“Is there anything else you can think of that could create as many good jobs going into the middle of the 21st century?" he asked.
The climate crisis also has provided an opportunity for the U.S. to work with longtime rivals such as Russia and China. While Biden has often disagreed with Russian President Vladimir Putin, the Russian leader now is “talking about how you capture carbon from space," Biden said.
Despite their differences, “two big nations can cooperate to get something done ... that benefits everybody,'' Biden said.
Biden's re-entry into the Paris agreement and his decision to host the summit were welcomed by world leaders.
“I’m delighted to see that the United States is back ... in climate politics. Because there can be no doubt about the world needing your contribution if we really want to fulfill our ambitious goals,” Germany Chancellor Angela Merkel told Biden.
“We are all so delighted to have the United States back” in the climate game, added South Africa’s President Matamela Cyril Ramaphosa.
Even after four years of inaction on climate change under President Donald Trump, “the United States still has cachet,” said Alice Hill, a senior fellow for energy and environment at the Council on Foreign Relations in Washington. She pointed to the attendance of world leaders on both friendly and otherwise chilly terms with the U.S., including China, Russia, Germany and Brazil.
Kerry, who has worked on climate issues in a long career as a senator and former secretary of state, said the next 10 years are crucial to slow global warming and “avoid the worst consequences'' of the climate crisis.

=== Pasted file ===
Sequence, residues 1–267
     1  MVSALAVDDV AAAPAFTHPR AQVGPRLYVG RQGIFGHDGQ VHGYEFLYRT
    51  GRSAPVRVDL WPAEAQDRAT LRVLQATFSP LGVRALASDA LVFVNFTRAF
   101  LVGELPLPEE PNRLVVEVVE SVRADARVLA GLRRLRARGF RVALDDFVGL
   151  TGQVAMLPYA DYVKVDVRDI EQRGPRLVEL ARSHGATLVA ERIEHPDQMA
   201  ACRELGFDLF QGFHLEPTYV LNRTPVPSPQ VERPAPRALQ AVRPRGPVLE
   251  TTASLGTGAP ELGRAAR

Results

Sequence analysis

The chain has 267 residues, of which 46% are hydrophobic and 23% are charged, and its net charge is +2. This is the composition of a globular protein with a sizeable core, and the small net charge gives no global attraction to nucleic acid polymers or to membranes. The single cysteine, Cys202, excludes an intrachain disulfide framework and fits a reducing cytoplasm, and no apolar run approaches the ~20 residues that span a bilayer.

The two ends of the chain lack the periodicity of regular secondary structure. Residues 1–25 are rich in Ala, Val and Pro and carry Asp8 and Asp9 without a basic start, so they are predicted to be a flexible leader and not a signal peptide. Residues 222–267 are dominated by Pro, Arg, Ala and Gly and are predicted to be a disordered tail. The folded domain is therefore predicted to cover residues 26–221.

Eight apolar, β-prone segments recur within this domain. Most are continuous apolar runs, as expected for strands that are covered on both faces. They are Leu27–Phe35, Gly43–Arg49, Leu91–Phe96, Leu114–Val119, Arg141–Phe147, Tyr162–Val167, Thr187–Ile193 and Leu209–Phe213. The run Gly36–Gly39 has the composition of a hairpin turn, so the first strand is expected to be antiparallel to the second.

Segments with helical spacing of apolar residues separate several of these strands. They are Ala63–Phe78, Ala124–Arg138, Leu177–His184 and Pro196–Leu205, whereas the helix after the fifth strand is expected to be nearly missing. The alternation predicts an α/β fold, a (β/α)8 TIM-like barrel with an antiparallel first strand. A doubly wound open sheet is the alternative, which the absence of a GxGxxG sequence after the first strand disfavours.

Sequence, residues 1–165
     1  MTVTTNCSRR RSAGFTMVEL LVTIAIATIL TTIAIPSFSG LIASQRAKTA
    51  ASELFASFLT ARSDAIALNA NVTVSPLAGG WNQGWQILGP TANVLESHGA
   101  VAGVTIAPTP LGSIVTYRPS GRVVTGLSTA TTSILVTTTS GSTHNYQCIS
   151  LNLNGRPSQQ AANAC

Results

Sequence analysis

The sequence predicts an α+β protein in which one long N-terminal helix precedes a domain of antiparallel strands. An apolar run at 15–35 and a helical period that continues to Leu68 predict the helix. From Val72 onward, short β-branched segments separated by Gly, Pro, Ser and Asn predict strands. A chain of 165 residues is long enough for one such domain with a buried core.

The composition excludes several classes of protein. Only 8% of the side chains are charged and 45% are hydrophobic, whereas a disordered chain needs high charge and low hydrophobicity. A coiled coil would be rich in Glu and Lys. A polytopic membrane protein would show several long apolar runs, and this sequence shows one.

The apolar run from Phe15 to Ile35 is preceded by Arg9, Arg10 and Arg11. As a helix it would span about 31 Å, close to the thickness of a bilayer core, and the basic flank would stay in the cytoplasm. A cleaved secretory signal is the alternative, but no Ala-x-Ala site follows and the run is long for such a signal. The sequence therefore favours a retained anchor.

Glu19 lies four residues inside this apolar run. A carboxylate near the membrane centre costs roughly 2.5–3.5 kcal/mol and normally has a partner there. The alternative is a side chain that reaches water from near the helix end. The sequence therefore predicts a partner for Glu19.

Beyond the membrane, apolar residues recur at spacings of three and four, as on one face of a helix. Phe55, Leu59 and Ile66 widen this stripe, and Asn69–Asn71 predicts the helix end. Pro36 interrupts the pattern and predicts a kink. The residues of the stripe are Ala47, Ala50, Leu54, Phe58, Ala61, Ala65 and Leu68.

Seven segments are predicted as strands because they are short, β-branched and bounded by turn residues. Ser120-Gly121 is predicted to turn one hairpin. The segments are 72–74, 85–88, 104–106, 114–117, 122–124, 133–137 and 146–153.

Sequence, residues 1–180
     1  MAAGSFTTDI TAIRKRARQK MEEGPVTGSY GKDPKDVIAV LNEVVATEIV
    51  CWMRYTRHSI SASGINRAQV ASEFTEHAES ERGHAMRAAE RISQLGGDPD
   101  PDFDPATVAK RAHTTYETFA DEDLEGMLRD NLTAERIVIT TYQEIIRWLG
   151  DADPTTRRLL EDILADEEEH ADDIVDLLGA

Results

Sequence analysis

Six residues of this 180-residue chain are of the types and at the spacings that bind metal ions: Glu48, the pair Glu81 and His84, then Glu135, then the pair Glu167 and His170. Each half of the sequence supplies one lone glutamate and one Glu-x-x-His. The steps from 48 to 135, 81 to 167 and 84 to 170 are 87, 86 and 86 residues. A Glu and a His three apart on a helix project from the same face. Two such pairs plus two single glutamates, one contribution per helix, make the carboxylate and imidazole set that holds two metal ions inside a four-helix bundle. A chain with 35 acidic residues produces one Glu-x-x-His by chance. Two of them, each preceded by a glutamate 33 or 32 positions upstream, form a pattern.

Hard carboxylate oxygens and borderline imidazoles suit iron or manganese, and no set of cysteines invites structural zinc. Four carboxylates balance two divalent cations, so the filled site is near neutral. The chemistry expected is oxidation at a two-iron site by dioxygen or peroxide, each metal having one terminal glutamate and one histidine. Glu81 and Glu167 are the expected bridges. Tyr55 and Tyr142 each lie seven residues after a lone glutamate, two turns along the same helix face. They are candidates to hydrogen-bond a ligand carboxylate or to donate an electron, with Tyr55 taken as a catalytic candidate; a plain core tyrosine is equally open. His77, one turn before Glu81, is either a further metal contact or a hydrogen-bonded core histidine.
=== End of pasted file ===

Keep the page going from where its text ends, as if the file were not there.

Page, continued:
“This has to be the decade of decision," Kerry said.
But even as Biden opts to go big on climate, his plan faces obstacles, including continued resistance from congressional Republicans and the reality that businesses are struggling to create needed technology on an affordable scale.
Senate Republican leader Mitch McConnell has dismissed Biden's plans, including a $2.3 trillion infrastructure package, as costly and ineffective.
The infrastructure bill includes up to $1 trillion in spending on clean energy and climate change, including 500,000 charging stations for electric vehicles, expansion of solar and wind power and technology to capture and store carbon pollution from coal-fired power plants. About $174 billion would go to help put school children, commuters and truckers into electric vehicles and buses, $50 billion to make infrastructure more resilient against volatile weather linked to climate change, and $100 billion to update the power grid.
The administration has pitched the bill as the "American Jobs Plan,'' and Moody’s Analytics estimates gains of about 2.7 million jobs.
Failure to adopt the package could doom Biden's commitments to cut carbon emissions in half, although officials say substantial progress can be made through administrative regulations by the Environmental Protection Agency, Transportation Department and other agencies.
The White House says officials will continue to reach out to Republicans and will remind them that the proposal’s ideas are widely popular with a wide swath of Americans.
Associated Press writer Josh Boak contributed to this story.